Hana Shafi is a writer and an illustrator who uses the name Frizz Kid for her visual work. Born in Dubai, Shafi immigrated with her Indo-Iranian family to Canada in 1996 and settled in Mississauga, Ontario. Shafi is a graduate of Toronto Metropolitan University’s Journalism Program. In the fall of 2020 Book*hug published her collection of essays, Small, Broke, and Kind of Dirty: Affirmations for the Real World that are built around 30 affirmation artworks that she created and first shared on Instagram. Photograph by Orion Candelma courtesy of Hana Shafi.
It Begins With the Body: Poems & Illustrations
Toronto: Book*hug, 2018.
PS8637 .H345 I83 2018
It Begins With The Body by Hana Shafi explores the milestones and hurdles of a brown girl coming into her own. Shafi’s poems display a raw and frank intimacy and address anxiety, unemployment, heartbreak, relationships, identity, and faith.
Accompanied by Shafi’s candid illustrations that share the same delightful mixture of grotesque and humour found in her poems, It Begins With The Body navigates the highs and lows of youth. It is about feeling like an outsider, and reconciling with pain and awkwardness. It’s about arguing with your mum about wanting to wax off your unibrow to the first time you threw up in a bar in your twenties, and everything in between. Funny and raw, personal and honest, Shafi’s exciting debut is about finding the right words you wished you had found when you needed them the most.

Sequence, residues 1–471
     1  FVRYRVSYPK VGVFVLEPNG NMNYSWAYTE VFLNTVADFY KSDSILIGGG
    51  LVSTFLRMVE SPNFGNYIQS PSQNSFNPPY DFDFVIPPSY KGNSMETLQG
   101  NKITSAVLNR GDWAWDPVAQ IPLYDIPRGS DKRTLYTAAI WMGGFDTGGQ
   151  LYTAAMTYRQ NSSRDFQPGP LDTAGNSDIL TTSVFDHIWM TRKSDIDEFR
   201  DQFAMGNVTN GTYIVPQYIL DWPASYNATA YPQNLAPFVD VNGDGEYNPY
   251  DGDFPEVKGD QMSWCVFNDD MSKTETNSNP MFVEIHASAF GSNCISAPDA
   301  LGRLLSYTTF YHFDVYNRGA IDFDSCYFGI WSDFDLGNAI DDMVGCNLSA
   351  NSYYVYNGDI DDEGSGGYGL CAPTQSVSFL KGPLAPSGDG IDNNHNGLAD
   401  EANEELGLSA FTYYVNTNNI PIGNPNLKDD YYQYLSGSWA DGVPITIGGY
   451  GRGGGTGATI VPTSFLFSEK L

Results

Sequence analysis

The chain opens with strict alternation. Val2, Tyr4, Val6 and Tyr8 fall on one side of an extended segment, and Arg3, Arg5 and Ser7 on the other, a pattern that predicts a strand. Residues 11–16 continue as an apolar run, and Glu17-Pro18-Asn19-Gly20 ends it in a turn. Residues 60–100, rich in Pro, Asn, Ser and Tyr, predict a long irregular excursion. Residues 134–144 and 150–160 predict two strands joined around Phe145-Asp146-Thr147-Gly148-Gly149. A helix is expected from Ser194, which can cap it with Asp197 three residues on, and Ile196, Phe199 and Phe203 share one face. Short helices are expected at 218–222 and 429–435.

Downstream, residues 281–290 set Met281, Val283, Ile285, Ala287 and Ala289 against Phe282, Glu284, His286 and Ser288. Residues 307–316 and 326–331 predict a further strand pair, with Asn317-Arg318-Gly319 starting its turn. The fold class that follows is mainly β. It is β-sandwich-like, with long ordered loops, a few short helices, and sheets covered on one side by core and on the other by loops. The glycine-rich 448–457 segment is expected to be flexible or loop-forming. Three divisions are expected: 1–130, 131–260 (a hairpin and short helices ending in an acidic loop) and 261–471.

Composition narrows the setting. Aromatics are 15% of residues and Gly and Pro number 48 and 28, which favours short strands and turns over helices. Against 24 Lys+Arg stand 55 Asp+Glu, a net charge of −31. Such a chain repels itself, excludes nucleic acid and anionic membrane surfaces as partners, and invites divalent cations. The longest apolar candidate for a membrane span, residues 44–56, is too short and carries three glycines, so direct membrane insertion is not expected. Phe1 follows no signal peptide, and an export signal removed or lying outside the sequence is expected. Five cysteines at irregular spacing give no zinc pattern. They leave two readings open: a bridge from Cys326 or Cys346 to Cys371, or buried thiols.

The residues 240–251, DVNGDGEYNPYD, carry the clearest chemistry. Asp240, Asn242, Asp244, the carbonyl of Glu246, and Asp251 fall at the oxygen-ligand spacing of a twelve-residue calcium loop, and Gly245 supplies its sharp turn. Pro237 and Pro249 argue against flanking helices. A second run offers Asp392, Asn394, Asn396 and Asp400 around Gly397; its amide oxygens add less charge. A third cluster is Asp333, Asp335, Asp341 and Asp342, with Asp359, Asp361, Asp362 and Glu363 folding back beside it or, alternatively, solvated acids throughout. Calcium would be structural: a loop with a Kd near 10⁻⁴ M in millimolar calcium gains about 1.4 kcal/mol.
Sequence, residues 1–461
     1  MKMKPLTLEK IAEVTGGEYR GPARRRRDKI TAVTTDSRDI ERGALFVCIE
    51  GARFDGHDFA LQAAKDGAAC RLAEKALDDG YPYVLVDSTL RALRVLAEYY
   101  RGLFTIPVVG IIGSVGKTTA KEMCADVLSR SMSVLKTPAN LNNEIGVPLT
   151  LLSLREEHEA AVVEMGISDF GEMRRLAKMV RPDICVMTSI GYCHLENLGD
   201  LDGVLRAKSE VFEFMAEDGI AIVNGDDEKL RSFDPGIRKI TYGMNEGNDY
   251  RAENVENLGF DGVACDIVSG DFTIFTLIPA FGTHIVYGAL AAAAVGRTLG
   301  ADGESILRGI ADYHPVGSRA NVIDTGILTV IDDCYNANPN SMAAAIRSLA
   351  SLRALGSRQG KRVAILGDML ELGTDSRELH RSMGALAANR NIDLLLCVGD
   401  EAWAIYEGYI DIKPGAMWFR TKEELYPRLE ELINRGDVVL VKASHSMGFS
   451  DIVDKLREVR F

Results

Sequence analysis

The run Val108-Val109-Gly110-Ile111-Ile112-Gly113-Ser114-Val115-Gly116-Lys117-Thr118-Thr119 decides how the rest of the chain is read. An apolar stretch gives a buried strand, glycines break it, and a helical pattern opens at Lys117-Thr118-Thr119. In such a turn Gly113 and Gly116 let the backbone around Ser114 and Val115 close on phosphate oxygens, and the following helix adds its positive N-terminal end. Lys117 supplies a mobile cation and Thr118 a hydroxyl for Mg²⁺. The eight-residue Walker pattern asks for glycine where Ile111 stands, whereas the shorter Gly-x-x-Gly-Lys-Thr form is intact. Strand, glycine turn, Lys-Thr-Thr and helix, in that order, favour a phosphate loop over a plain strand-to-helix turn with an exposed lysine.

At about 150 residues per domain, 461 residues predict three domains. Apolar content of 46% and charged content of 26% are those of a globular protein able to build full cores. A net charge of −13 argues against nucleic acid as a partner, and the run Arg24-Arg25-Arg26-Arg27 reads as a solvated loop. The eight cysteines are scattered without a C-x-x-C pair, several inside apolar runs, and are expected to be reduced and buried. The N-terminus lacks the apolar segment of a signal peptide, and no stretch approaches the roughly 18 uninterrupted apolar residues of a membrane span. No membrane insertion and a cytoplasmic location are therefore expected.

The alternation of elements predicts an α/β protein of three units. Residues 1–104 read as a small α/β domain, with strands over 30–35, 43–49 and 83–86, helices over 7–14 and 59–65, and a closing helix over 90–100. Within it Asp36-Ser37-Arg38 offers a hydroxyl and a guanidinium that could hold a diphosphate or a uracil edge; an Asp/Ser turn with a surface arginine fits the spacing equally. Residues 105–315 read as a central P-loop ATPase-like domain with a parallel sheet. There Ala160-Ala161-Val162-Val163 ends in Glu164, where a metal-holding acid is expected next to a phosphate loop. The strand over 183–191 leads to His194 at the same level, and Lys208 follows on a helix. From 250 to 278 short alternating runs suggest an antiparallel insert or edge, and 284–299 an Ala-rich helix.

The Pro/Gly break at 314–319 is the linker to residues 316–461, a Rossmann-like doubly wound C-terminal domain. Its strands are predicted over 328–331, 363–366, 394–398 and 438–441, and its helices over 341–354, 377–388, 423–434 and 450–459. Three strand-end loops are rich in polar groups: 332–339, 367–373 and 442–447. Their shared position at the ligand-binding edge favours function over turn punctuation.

People You Know, Places You’ve Been: Poems and Illustrations
Toronto: Book*hug Press, 2023.
Publisher’s Synopsis (From its website)
The latest poetry and artwork collection from Hana Shafi examines the everyday connections we make to the people and places we encounter. Despite the infinite variations of our lives, every urban dweller has sparred with a neighbour they disliked, seen beautiful strangers on public transit, told secrets to their hairdresser. We interact with these supporting characters on a daily basis—and often we are them for others.
Shafi celebrates the Antiheroes of the world (the alcoholic at your local bar, teenage girls); examines those in Beautiful Leading Roles (the hot professor, the rich couple); lauds older generations of Wizards and Crones; and flags the Nemeses (men who think they’re allies, competitors for produce at farmer’s markets). We sink into recognition at depictions of Palaces such as the greasy spoon, Dungeons of public transit, and the Liminal Spaces of checkout counters or waiting rooms (including that one at the end of the cosmos).
People You Know, Places You’ve Been is an insightful, charming collection that offers a sense of shared recognition and nostalgia, ultimately asking: what if seemingly mundane places are actually the foundations of who you are?